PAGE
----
Henrietta Maria, the wife of King Charles I, tried to convert as many English people as she could and scandalized the locals by praying for Catholic martyrs.
Being the Catholic wife of an English monarch was officially impossible then (this prohibition was not revoked until 2015). The price she paid was never being crowned as Queen Henrietta Maria, as she would not endure a Protestant coronation service. Nor was she even called by her correct name very often. The English preferred to call her Mary, and it is through this Anglicization that one of America’s earliest colonies was created.
The name “Mary Land” was a tribute to the Virgin Mary … and a very Catholic queen
Mary Land, as it was then known, was founded by a charter from King Charles in 1632. His name had already been used so often that he decided to use his wife’s instead. The most prominent tribute to himself is what later became North and South Carolina (from the Latin for Charles). Charleston, West Virginia, honored a different Charles.
Henrietta Maria was at least allowed to keep part of her original name in the Latin version of Maryland: Terra Mariae. The Charter of Mary Land is a useful reminder of the territorial priorities of English monarchs: “Charles by the Grace of God, King of England, Scotland, France, and Ireland” tells us that the king was still claiming the French throne. The New World was a sideshow.
The land was given to Lord Baltimore, as well as the “fish, whales, sturgeons and all other royal fishes.” Immediately after the clause on fishing and mining rights comes the right to “build and found Churches, Chapells and Oratories.” It was this provision that gave most hope to the persecuted Catholics of 17th-century Great Britain and Ireland. Lord Baltimore was a well-known Catholic whose family’s services to two kings had given him room for religious maneuvering. His intentions for Mary Land were more than commercial. He had selected it as a refuge, and it couldn’t have had a better name. Not only did the new province pay indirect tribute to the Mother of God, who was disapproved of in Protestant England, it was also a reference to a very Catholic queen.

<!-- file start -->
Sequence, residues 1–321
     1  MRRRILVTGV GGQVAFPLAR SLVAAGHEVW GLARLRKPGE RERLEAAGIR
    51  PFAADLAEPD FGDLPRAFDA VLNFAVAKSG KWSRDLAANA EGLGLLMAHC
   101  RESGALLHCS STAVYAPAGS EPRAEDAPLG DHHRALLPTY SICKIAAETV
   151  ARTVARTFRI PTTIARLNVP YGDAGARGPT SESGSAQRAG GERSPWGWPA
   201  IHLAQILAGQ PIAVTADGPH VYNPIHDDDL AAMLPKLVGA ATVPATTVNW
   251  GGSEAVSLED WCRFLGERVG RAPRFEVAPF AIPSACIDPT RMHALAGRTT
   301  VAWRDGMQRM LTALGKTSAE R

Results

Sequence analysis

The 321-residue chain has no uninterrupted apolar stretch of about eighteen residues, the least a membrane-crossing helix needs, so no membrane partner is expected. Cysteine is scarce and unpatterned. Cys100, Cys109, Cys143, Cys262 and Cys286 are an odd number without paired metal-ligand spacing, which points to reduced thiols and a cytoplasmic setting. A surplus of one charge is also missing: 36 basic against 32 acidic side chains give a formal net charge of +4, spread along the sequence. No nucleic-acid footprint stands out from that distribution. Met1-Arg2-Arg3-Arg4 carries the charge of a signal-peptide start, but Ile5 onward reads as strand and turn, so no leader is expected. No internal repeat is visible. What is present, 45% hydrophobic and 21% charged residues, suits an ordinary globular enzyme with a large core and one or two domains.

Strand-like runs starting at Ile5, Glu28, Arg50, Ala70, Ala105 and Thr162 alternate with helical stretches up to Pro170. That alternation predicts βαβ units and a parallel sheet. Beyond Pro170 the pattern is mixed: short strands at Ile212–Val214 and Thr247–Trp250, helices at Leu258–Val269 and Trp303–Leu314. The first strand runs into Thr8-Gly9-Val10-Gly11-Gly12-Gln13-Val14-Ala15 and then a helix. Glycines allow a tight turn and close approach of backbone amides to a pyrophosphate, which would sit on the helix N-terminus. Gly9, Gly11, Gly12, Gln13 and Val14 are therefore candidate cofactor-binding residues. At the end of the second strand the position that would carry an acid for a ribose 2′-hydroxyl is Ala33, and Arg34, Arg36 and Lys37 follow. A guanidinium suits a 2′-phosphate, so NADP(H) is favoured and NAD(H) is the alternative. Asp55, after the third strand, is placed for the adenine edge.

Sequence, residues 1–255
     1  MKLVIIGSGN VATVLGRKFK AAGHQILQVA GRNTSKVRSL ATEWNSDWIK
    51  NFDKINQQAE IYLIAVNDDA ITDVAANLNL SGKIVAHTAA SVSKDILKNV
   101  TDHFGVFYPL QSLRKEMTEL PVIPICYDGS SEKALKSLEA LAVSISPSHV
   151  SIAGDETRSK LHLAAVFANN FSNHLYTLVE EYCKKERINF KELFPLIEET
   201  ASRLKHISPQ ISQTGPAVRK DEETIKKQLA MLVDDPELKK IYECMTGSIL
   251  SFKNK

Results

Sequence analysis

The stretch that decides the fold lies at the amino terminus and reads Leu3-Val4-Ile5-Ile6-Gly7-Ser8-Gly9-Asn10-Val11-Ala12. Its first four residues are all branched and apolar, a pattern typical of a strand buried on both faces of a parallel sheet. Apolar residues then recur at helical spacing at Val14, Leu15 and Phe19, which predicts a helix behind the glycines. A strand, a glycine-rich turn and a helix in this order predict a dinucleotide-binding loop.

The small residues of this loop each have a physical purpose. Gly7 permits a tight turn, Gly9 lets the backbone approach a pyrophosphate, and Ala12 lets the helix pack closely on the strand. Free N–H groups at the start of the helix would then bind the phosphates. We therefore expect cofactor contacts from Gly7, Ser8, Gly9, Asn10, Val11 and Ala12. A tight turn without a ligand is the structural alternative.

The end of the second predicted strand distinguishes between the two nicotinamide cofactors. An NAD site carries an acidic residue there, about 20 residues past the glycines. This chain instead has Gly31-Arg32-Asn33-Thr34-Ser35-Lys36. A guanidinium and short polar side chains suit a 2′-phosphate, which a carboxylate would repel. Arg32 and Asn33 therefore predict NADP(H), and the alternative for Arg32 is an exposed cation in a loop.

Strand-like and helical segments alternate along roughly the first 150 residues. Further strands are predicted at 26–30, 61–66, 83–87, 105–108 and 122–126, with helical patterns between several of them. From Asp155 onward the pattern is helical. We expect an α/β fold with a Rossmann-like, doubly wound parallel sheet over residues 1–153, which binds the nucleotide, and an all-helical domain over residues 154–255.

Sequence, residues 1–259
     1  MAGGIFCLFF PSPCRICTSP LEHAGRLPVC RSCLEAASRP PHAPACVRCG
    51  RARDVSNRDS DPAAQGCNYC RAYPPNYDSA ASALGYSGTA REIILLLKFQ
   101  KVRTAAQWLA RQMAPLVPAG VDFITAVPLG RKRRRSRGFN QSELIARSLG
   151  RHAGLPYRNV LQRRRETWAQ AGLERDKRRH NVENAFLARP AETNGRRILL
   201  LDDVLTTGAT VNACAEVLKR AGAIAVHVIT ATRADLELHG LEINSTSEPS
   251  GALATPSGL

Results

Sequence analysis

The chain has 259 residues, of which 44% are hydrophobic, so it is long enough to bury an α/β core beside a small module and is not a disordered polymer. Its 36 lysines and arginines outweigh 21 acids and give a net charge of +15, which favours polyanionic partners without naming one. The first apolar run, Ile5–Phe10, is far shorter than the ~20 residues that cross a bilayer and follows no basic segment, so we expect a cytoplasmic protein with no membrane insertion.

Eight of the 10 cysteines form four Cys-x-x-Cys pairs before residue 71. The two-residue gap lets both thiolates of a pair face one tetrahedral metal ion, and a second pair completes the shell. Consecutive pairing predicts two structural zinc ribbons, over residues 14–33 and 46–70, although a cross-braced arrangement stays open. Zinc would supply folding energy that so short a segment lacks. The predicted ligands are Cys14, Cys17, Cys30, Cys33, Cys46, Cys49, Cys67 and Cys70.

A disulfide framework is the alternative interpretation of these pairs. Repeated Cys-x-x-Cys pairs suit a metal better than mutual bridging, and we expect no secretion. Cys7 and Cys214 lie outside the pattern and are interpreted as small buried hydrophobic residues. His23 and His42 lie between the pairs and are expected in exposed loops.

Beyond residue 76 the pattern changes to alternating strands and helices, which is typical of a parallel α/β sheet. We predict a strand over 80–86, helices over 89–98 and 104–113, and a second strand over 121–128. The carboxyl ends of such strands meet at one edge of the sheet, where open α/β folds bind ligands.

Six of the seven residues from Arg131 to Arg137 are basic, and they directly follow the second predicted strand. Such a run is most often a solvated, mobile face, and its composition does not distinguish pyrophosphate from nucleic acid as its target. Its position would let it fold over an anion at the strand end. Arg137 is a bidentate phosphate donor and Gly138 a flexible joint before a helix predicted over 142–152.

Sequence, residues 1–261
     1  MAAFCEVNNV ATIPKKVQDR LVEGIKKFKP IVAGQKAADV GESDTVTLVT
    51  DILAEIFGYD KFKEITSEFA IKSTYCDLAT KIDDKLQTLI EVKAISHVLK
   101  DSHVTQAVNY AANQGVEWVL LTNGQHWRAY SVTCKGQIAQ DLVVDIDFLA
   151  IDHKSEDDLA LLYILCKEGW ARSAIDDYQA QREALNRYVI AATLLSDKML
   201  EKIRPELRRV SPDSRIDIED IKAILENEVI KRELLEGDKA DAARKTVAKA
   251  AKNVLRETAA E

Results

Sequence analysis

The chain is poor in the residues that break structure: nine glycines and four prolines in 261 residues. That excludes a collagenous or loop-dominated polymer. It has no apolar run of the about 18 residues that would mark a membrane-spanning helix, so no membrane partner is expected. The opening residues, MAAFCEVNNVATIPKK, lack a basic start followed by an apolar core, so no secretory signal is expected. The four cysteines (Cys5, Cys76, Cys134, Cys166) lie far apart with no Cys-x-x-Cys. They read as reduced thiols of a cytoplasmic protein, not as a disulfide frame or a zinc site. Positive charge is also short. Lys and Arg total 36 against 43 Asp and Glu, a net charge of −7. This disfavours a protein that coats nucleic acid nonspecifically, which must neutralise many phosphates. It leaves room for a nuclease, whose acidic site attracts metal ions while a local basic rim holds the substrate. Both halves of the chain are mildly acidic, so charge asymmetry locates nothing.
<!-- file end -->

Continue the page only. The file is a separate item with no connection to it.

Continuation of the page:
Parliament authorized the destruction of the Catholic chapel in her palace
When Henrietta Maria arrived in England to meet her rather unimpressive husband, she had the comfort of a large retinue of Catholic priests and courtiers. Her father had been the first King of France to change his religion in order to gain the throne. The Huguenot Henry IV is well known for his easy-going approach to kingship, summed up in his statement, “Paris is worth a Mass.”
Henrietta Maria’s devout Catholicism, combined with her father’s betrayal of the Protestant cause, displeased the English. The mob threatened to demolish the Catholic chapel in her palace, one of the very rare cases of such a building being allowed to exist. Where they failed, parliament later authorized the destruction of its contents, including an altarpiece by Rubens.
She tried to convert as many English people as she could
Even worse than Henrietta Maria’s Papist devotion was her ability to convert numerous solidly Protestant Englishmen of the time, including her personal “court dwarf” Sir Jeffrey Hudson. This perfectly formed man of 18 inches in height was considered to be one of the marvels of his day. Sadly, it was his religion that later led to Sir Jeffrey’s arrest and early death in jail.
Throughout the queen’s unhappy time in England she helped Catholics and influenced the king. She tried to convert as many English people as she could and scandalized the locals by praying for Catholic martyrs as they were tortured to death in public. She would undoubtedly have supported Lord Baltimore’s efforts to create a Catholic sanctuary in America. Most of the new colonies were Puritan or Quaker and unwelcoming of Catholics.
Maryland: An experiment in religious toleration
The ecumenical experiment in Maryland did not go smoothly, but at least Catholics could openly practice their religion. With the execution of Charles I and the rise of the Puritans in England, Maryland lost the little religious toleration it had built up. Not until the American Revolution would freedom of religion exist there again.
She never made the arduous journey to the colony that bore her name
Back at British imperial headquarters in London, Henrietta Maria was unable to return the country to the “old faith.” She and her husband had the more imminent problem of keeping their kingdom. The queen played a part in bankrupting the country with her taste for expensive clothes and art, helping King Charles to build up the world’s greatest art collection at the time. Fundraising for her king’s war efforts was a skill acquired later. Travel was not, and she never made the arduous journey to the colony that bore her name. England was as far west as she could bear to go.
The queen ended her days after King Charles’ execution in a French convent. Perhaps if she had moved to the kinder climate of Maryland she might not have developed the bronchitis that she blamed on England’s constant damp. The climate and heartbreak eventually killed her 350 years ago. With contemporary resonances, the coup de grace was her dependence on opiates.
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